Abadi ordered that the fake devices be replaced by efficient detectors at the entrances to Baghdad and Iraq's provinces.

      5 executed

      Later on Monday, the justice ministry announced in a statement that five people convicted of terrorism and sentenced to death were executed on Monday morning, bringing the total number of those executed on the same charges to 37 in the past two months.

      "We refuse categorically all political or international interventions to stop the death sentence under the cover of human rights; Iraqi blood is above all slogans," it said, linking the timing of the executions to the Karrada bombing.

      Iraqi intelligence services also announced on Monday the arrest of 40 "terrorists" suspected of forming a group to carry out attacks in Baghdad and the eastern Diyala province.  

      Mourners react during a funeral of a victim who was killed in a suicide car bomb in the Karrada shopping area in Baghdad. (Alaa Al-Marjani/Reuters)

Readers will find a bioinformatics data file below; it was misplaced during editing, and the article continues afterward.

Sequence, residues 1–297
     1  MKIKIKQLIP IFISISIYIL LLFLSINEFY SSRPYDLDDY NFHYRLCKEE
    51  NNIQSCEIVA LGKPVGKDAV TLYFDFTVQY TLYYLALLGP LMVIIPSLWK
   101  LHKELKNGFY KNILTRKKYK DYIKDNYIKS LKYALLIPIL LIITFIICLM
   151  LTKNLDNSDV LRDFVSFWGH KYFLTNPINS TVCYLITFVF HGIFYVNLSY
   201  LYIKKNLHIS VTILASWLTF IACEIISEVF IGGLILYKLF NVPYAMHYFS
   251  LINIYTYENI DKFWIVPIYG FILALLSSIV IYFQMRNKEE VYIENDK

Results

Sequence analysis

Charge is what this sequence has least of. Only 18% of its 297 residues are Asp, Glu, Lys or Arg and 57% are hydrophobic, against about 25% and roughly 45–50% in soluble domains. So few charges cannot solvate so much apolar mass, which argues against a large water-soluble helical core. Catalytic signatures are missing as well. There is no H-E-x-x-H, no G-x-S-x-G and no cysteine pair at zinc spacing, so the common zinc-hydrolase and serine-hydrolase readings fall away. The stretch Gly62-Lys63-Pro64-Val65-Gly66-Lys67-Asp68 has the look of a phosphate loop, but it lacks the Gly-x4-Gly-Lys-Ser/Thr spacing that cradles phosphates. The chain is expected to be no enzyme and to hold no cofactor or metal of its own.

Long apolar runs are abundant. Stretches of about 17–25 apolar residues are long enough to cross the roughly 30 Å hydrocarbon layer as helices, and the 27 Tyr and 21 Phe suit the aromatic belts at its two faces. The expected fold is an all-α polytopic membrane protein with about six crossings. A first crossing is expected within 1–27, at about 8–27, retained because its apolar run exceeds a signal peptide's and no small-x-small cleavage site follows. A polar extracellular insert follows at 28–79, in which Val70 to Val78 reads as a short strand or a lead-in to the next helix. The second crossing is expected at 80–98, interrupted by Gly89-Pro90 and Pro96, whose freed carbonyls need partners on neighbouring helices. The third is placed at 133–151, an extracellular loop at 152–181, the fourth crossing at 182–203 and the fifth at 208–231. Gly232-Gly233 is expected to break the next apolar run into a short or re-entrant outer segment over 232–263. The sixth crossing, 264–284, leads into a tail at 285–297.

Karrada, a largely Shia district with a small Christian community and a few Sunni mosques, was busy at the time of the blast as people were eating out and shopping late during Ramadan, which ends this week with the Eid al-Fitr festival.

      As Iraq started observing three days of national mourning, rescuers continued digging through the rubble of a shopping mall believed to be the main target of the bombing, searching for bodies or possible survivors.

      Three bodies were pulled out in the morning from the basement of the three-story Al-Laith mall, which was reduced to a skeleton of charred steel and concrete by the blast. Its glass facades were blown out and its internal divider walls collapsed. Dozens of people gathered outside, many of them friends or relatives of missing.

      With files from CBC News